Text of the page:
Not entirely true, when one distills highly volatile liquids the joints start to bleed, seen this happen on multiple occasions.

As long as your set up isn't closed (why?) then it shouldn't have the pressure needed to escape through the joints. The flow of gas/pressure will flow out of the set up just like it would with the joints greased unless your glassware is no good or the joints have been damaged. Plus! Say your distilling your "volatile liquid" and you just greased your joints. That gas is going to touch the grease and possibly react with it and possibly contaminate what ever it is your distilling.

It is very unlikely to react with silicone grease.

Volatile liquids do bleed out the joints. Just the other day I was drying some solvents and the methyl ethyl ketone was seeping out of one of joints, even though I greased it. Stinky stuff.

[Edited on 21-8-2011 by Bot0nist]

U.T.F.S.E. and learn the joys of autodidacticism!

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redox
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Quote: Originally posted by Bot0nist
Quote: Originally posted by MeSynth
Quote: Originally posted by User

 Quote: I'm sure that as long as you never apply a vacuum and you don't push them together harder than you need to in order to get the clip on you don't need lube for the joints.

Not entirely true, when one distills highly volatile liquids the joints start to bleed, seen this happen on multiple occasions.

As long as your set up isn't closed (why?) then it shouldn't have the pressure needed to escape through the joints. The flow of gas/pressure will flow out of the set up just like it would with the joints greased unless your glassware is no good or the joints have been damaged. Plus! Say your distilling your "volatile liquid" and you just greased your joints. That gas is going to touch the grease and possibly react with it and possibly contaminate what ever it is your distilling.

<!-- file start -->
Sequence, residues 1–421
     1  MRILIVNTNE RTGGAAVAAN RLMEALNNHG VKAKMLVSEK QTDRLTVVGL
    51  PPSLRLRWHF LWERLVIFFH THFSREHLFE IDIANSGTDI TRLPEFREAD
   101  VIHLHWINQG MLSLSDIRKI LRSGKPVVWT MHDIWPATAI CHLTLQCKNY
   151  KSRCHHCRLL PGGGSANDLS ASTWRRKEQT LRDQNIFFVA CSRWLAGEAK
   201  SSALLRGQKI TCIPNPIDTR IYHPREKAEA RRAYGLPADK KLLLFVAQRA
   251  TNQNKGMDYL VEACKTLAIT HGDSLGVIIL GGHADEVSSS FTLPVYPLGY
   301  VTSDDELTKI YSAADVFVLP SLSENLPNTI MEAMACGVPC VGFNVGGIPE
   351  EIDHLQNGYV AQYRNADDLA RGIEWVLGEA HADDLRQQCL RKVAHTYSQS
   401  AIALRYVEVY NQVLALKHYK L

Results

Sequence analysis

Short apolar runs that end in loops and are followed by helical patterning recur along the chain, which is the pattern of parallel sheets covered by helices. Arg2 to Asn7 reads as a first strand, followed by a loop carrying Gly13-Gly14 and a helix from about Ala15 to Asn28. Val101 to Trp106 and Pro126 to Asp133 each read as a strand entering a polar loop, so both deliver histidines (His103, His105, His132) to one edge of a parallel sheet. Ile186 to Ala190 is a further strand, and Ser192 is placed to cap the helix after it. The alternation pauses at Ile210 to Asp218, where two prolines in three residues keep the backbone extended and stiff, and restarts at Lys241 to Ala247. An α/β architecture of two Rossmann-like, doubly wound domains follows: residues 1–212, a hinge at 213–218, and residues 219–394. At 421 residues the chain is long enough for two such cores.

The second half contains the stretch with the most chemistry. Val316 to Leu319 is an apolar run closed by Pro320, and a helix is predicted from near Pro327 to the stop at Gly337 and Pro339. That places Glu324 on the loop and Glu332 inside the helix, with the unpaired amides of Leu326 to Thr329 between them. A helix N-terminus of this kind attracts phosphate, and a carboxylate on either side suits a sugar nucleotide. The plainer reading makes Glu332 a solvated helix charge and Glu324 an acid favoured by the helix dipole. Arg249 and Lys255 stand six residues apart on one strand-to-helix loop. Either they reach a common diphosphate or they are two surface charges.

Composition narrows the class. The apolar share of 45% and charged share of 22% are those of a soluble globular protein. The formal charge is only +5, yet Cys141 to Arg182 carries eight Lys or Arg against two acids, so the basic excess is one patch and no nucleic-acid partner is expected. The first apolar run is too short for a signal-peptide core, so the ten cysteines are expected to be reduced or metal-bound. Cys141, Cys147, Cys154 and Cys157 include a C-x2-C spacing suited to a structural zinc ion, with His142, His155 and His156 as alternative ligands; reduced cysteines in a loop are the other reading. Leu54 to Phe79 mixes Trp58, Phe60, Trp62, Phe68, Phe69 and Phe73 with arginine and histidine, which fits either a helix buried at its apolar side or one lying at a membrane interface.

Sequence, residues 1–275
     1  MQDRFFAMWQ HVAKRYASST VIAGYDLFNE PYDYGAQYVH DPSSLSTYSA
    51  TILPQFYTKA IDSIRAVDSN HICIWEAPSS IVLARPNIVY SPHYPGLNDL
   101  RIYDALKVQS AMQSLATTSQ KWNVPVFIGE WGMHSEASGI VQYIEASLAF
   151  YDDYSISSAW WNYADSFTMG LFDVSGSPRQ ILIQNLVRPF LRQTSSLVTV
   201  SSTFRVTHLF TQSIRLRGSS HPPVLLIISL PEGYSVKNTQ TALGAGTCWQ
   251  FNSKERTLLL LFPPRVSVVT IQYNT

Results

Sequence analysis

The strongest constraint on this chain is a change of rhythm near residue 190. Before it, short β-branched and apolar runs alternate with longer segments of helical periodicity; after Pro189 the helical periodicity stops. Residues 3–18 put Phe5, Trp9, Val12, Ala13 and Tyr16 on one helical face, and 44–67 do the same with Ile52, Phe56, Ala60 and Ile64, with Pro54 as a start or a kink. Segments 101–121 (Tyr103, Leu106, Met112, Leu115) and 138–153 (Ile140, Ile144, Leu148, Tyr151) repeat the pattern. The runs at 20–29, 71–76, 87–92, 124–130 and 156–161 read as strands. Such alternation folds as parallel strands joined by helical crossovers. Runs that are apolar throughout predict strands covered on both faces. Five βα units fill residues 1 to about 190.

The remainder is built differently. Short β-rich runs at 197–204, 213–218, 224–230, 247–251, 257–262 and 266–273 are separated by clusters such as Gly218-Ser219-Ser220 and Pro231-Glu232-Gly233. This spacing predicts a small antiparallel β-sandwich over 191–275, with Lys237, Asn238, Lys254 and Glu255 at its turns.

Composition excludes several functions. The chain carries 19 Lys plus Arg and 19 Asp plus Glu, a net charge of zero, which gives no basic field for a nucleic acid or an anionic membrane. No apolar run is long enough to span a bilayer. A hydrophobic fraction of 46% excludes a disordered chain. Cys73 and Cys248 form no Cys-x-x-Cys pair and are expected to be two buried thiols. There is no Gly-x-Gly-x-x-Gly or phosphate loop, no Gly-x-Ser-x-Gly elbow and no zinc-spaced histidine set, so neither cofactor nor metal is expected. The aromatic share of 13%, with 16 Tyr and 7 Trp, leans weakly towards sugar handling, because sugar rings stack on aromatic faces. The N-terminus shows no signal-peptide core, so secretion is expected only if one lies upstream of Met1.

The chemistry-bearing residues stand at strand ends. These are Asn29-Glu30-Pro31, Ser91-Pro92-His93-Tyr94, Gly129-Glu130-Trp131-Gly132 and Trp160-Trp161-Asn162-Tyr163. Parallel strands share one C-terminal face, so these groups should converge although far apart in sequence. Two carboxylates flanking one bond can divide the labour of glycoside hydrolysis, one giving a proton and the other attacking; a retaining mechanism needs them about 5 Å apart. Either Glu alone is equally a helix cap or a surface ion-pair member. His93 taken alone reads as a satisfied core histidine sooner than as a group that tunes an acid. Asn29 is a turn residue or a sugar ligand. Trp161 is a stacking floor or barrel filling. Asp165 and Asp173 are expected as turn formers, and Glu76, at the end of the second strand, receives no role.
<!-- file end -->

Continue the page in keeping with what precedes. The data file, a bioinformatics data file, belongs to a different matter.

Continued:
It is very unlikely to react with silicone grease.

Volatile liquids do bleed out the joints. Just the other day I was drying some solvents and the methyl ethyl ketone was seeping out of one of joints, even though I greased it. Stinky stuff.

[Edited on 21-8-2011 by Bot0nist]

Methyl ethyl ketone = stinky? No! MEK smells like butterscotch; its nice.

The difference between chemists and chemical engineers: Chemists use test tubes, chemical engineers use buckets.
Bot0nist
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Mood: Streching my cotyledons.

Not to me, It chokes me out. It will make your eyes water and your throat close up, trust me.
Kinda like as bad as toluene or MNT/DNT. All smell 'good', but if your get a breath full, you'll know it.
*cough,gag*

[Edited on 22-8-2011 by Bot0nist]

U.T.F.S.E. and learn the joys of autodidacticism!

Don't judge each day only by the harvest you reap, but also by the seeds you sow.
User
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If it doesnt hurt the product one could even use some water to make the joints seal, someone pointed this to me once, dont even know if this is such a good idea..